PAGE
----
A university, says Badat, is “committed to the spirit of truth and allows intellectual enquiry to go where it will without any boundaries”. I began that intellectual journey 40 years ago in this university, here in this building, and here I still am, still finding out where a truthful, questing intellectual spirit might lead me next.

Today I attend a first-year lecture in a social science discipline. A new, young lecturer is explaining the concept of the “separation of powers” — legislative, executive, judicial  — an idea that is central to a properly functioning democratic state. He is good, but what can he do with 400 students in a venue designed for 300? The microphone is not working, it is very hot, we cannot see the overheads, students at the back of the venue chatter, no one takes notes. The lecturer invites participation in a discussion of this key feature of democracy, but he is defeated by the logic of his context. Is this, then, what “the democratisation of higher education” looks like? Does it have to look like this?

In the early seventies, this university was a “liberal” institution and I acquired a set of “liberal” values. Those were the days before the great ideological shifts that later discredited aspects of liberalism, neoliberalism and individualism. During my undergraduate years, I became aware of these shifts. I heard about Black Consciousness, the name of Steve Biko, and I remember when Saso (South African Students Organisation) started. Nusas (National Union of South African Students) was no longer cool. The struggle took a different direction and “white liberals” like me seemed to become rather irrelevant. Nevertheless, it was my liberal education that later afforded me the intellectual flexibility to accommodate new ideas. Over the years I have developed new ways of seeing and new ways of knowing. To use the current parlance, I have become a “lifelong learner” but, for me, this has had its roots in a liberal curriculum and fine, attentive teaching.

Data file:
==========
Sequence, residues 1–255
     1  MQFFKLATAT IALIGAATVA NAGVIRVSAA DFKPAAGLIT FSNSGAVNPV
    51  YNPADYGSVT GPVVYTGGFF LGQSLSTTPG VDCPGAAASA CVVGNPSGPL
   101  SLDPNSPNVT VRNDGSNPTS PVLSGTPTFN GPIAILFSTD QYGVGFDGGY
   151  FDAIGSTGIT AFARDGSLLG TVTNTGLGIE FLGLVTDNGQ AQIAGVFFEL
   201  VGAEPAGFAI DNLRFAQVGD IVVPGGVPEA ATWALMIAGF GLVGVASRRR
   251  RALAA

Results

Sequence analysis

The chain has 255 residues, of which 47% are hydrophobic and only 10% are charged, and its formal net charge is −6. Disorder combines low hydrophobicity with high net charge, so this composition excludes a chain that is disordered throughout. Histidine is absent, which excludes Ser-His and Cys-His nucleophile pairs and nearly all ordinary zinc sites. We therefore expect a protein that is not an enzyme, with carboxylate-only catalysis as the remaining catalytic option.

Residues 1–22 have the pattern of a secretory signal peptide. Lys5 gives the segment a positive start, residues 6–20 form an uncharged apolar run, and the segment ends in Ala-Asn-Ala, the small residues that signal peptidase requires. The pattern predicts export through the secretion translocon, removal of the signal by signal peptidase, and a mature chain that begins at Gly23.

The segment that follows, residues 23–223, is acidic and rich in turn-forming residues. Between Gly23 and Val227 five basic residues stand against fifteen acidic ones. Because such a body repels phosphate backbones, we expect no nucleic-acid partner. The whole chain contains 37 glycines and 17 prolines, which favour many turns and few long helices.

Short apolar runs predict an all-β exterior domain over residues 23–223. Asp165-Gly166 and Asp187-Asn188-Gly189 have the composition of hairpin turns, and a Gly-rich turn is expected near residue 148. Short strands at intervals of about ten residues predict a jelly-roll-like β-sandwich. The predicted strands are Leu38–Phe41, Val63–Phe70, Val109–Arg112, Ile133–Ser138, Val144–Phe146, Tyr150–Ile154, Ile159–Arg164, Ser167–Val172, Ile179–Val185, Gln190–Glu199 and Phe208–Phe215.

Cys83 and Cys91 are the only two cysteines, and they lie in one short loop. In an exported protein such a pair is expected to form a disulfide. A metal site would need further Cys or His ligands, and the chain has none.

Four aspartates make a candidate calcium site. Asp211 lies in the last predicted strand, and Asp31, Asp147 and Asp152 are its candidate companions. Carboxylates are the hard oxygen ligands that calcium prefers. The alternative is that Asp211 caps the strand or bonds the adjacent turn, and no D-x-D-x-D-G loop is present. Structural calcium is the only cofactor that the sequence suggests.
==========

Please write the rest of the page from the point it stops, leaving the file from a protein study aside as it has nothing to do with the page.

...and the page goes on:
So what is my answer to the students who ask what the point of a humanities degree is? Certainly it did not lead me directly towards a specific career. Instead, it gave me values, ideas, confidence, tolerance, the habit of reading a lot, a speculative mind, and, above all, an inquiring spirit. Ironically enough, my actual “career”, for the past 10 years, has sought to facilitate the “massification” and “democratisation” of higher education. Simply put, my colleagues and I support groups of students from poor, underprivileged backgrounds to succeed at university. But now I am off on a new quest: I am grappling obsessively with a PhD topic that concerns the quality of teaching and learning in undergraduate courses in the humanities. My life has come full circle. I want the class of 2010 to have the high-quality learning experiences that I, a privileged member of the class of 1970, had. They require it and deserve it, and our democracy requires and deserves reflective, critical citizens who can interrogate their political and social environment, both national and international.

The class of 2010 is queuing up to register at our university which projects itself as “The Premier University of African Scholarship”. I would prefer that they were queuing up for the premier university of great undergrad teaching. I would prefer it to be the premier university of great support for novice students and their teachers. The more prestigious postgraduate “scholarship” profile would follow quite naturally. In the words of the controversial Professor Jonathan Jansen, “If you wish to honour me, call me ‘teacher’”.

Penny Niven is a lecturer at UKZN. For the past three years she has been piloting the Extended Curriculum in the Humanities Faculty and is working towards a PhD in Higher Education Studies.